Occupying a Victorian-era warehouse that once served as a hub of London’s bustling ice trade, the London Canal Museum charts the evolution of the city’s canals from centers of commerce to places of recreation. Highlights here include historic artifacts, a restored narrowboat cabin, and an original ice well.
The only surviving residence of the influential American statesman, the Benjamin Franklin House is a roughly 300-year-old historic home located in the heart of London. Visitors today can learn about the two decades Franklin spent living here via an Historical Experience or an Architectural Tour.
The poet John Keats lived in this Hampstead home between the years 1818 and 1820. It was here he met Fanny Brawne, who would exert tremendous influence over the shape of his life and career, and wrote famous poems like “Ode to a Nightingale” and “La Belle Dame sans Merci.”
Located in a pair of historic Greenwich houses, the Fan Museum permanent collection contains some 7,000 hand fans, the oldest of which dates back one thousand years. The museum regularly hosts temporary exhibitions that shed light on the long, rich history of the hand fan.
Britian’s only museum solely focused on modern Italian art, the Estorick is renowned for its extensive collection of works by early twentieth century artists belonging to the Italian Futurist movement. Visitors will also find here related temporary exhibitions, a garden café, and gift shop.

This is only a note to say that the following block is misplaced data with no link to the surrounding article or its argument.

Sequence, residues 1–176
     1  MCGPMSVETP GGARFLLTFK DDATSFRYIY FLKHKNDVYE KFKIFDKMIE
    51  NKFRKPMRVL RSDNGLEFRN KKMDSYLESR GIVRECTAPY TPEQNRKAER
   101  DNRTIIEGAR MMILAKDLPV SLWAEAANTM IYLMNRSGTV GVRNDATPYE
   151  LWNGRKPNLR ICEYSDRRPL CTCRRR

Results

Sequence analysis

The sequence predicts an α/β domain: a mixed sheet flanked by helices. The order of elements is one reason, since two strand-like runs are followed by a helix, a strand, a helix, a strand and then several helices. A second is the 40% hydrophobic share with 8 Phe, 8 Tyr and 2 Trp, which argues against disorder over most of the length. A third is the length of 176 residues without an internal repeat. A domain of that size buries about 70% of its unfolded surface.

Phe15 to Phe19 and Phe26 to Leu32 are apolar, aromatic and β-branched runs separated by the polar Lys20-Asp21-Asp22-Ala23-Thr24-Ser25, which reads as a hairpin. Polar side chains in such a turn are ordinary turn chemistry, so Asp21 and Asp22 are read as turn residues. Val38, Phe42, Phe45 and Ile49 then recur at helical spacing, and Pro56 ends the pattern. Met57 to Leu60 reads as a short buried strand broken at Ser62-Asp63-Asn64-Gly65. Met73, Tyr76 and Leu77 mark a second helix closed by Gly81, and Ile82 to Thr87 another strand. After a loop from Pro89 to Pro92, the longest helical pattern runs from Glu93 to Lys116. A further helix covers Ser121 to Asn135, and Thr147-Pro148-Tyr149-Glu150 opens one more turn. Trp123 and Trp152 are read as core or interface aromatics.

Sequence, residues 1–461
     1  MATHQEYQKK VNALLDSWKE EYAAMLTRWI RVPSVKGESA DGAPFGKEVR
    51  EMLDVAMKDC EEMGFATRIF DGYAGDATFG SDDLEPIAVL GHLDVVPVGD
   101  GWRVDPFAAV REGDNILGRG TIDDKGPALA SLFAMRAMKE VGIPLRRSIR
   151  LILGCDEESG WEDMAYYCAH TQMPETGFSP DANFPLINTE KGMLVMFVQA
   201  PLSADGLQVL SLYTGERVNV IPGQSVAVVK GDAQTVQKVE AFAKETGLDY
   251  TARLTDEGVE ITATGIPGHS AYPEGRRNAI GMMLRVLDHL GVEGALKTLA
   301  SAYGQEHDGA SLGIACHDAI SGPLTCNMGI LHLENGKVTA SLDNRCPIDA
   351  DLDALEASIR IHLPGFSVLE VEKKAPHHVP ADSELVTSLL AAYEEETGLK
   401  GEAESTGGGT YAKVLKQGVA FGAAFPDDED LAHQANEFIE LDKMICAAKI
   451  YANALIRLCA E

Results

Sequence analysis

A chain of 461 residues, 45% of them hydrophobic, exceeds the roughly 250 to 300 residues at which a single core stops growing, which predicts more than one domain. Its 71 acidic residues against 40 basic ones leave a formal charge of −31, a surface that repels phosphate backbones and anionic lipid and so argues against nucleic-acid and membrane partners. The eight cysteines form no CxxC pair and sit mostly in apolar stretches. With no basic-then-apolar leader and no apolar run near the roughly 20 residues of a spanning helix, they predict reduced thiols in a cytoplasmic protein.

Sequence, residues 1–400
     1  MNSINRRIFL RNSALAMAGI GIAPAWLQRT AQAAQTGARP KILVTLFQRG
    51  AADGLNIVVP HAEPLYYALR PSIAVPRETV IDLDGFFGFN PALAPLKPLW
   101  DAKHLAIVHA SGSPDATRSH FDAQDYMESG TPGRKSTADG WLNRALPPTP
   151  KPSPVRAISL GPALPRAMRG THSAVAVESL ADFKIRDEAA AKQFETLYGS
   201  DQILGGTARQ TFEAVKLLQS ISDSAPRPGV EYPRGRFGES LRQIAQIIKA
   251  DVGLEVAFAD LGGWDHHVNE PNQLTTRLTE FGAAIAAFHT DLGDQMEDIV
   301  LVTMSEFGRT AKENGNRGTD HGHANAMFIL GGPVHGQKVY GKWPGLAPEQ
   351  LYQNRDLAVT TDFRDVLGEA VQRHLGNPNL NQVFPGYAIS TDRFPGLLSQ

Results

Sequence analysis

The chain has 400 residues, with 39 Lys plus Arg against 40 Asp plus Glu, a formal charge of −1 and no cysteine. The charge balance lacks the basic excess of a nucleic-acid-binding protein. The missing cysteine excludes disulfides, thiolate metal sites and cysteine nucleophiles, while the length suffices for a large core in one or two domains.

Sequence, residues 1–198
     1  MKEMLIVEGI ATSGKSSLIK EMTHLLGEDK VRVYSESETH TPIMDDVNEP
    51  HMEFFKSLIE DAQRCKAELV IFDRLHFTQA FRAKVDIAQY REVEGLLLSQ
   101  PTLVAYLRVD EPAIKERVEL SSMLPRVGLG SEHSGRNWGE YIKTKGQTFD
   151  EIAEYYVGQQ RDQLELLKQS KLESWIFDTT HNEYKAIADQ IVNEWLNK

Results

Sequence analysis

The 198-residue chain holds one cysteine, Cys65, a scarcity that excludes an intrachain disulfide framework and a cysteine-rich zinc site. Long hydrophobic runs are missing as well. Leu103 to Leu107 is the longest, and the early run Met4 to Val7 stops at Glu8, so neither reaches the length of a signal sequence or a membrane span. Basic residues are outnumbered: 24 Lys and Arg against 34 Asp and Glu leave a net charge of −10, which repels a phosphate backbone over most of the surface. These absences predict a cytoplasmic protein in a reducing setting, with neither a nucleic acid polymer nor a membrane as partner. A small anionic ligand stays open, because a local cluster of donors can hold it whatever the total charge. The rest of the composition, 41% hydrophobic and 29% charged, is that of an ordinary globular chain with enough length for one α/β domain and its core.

The Guards Museum is a small museum located near Buckingham Palace that tells the story of the Foot Guards from the seventeenth century to the present day. The museum’s permanent collection contains historic artifacts, uniforms, weapons, and more.
One of the oldest surviving buildings that comprise the historic Palace of Westminster, the Jewel Tower dates to the fourteenth century. An architectural treasure, it once stored the royal family’s most prized possessions. Today it houses a small museum with exhibits on the history of Parliament and the attraction itself.
This distinctive attraction tells the story of one of the world’s oldest children’s charities. Highlights here include historic artifacts, multiple paintings by William Hogarth, and a large collection of memorabilia pertaining to the life and work of the composer George Frideric Handel.
This small museum pays tribute to the founder of modern nursing, Florence Nightingale. Visitors will encounter historic artifacts like Nightingale’s iconic black dress, legendary lamp, and wheelchair among interactive exhibits that tell the story of British nursing from the Crimean War to the present day.
This groundbreaking museum honors the history, art, and design of British gardens through a host of informative displays, temporary exhibitions, and of course, beautifully maintained gardens. It features a critically acclaimed café and medieval tower offering visitors wonderful views of central London.